But what happened next contradicted the logic of the arms race and the Cold War more broadly. Scientists, and even some members of the military community, questioned the technical foundations of orbital bombardment and argued that FOBS was an inefficient delivery system compared to land- and submarine-launched ICBMs. Propelling a FOBS missile into orbit meant compromising on warhead mass, for example. Orbits made their paths predictable, and thus, possible to intercept.

The Pentagon meanwhile abandoned its early studies on orbital bombardment in favor of a more tempered regime of reconnaissance and military support satellites. Official thought in the Kennedy and Johnson years held that if the United States refrained from weaponizing space, the Soviets might stay their hand as well. Over the course of 1966, U.S. and Soviet negotiators collaborated on an international agreement to govern the use of space “exclusively for peaceful purposes.” The resulting Outer Space Treaty, which entered force the following year, banned the stationing of nuclear weapons in orbit, on celestial bodies or “in outer space in any other manner.” Within a few years, dozens of countries had ratified the accord.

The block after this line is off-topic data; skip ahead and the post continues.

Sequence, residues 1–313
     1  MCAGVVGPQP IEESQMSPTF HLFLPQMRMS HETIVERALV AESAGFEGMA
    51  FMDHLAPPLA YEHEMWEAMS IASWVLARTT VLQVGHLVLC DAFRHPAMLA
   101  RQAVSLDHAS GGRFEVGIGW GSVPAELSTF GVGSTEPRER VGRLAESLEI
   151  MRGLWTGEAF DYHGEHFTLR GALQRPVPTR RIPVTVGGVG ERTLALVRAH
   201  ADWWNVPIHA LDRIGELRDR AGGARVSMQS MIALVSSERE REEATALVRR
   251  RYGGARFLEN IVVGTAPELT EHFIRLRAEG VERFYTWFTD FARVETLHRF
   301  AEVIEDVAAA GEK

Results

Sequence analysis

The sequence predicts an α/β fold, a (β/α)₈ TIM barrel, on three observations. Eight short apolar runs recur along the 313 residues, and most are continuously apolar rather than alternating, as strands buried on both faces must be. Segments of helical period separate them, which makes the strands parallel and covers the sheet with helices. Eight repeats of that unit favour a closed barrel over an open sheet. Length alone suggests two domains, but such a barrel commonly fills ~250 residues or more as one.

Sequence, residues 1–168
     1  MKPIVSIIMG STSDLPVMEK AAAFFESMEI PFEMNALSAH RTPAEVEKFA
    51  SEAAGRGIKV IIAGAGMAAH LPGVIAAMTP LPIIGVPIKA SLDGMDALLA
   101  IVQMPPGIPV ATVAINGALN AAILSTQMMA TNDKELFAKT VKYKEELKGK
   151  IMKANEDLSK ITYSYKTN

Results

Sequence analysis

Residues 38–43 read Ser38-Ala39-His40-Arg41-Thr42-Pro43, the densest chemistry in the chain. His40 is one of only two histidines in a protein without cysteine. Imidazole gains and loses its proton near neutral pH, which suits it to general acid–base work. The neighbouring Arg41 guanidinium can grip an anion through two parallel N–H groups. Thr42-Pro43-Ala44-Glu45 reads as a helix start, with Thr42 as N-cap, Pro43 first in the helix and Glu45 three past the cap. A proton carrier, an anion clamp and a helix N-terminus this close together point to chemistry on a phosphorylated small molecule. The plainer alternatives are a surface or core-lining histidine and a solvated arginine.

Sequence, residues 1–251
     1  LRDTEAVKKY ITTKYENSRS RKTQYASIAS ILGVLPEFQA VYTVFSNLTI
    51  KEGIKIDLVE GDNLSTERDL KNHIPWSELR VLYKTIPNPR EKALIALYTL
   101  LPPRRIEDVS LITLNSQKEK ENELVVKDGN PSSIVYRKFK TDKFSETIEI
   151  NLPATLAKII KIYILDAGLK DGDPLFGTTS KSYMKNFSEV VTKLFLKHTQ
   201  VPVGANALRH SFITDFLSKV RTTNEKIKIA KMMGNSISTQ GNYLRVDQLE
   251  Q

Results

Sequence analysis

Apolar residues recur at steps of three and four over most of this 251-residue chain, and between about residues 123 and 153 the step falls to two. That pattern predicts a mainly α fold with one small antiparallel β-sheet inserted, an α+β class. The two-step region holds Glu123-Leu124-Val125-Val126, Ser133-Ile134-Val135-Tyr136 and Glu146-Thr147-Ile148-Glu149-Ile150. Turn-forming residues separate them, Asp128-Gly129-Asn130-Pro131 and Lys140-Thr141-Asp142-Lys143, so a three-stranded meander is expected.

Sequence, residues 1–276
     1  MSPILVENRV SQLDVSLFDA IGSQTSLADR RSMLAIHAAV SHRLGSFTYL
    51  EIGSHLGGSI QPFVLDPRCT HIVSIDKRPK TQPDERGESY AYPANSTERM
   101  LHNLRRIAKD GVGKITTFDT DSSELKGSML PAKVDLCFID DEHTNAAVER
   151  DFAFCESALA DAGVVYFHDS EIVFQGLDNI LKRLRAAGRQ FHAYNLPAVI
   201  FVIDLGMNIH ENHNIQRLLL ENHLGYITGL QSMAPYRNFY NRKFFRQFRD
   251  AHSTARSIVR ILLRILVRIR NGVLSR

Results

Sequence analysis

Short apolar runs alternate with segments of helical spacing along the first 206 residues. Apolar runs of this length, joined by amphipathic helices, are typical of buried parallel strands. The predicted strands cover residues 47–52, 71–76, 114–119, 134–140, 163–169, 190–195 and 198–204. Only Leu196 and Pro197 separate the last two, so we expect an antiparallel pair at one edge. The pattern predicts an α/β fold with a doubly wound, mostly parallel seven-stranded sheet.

Though FOBS tests continued for several years, the Soviet Union never orbited a bomb and instead phased out the program piece by piece. Fractional orbital bombardment never became the monster its phobics predicted it would be.

The moral? Don’t overreact.

Though China’s hypersonic glider appears to be just the kind of radical technology that could ignite a frantic new arms race, the history of FOBS demonstrates that the development of a weapons system, whether in the imagination, on a blueprint or on a factory floor, does not ensure its power to change the game.

Context will always be queen. Rather than drive the strategic debate, FOBS unfolded amid the scare of the Cuban missile crisis, a robust nuclear arms control agenda and a U.S.-Soviet rivalry over which government could project the more peaceful and beneficent space program. The challenges faced by today’s decision-makers are different, but certainly no less profound. New space weapons, though, will require the same things as the old: poise, patience and more than a dash of diplomacy. Here’s hoping the recipe is around here somewhere.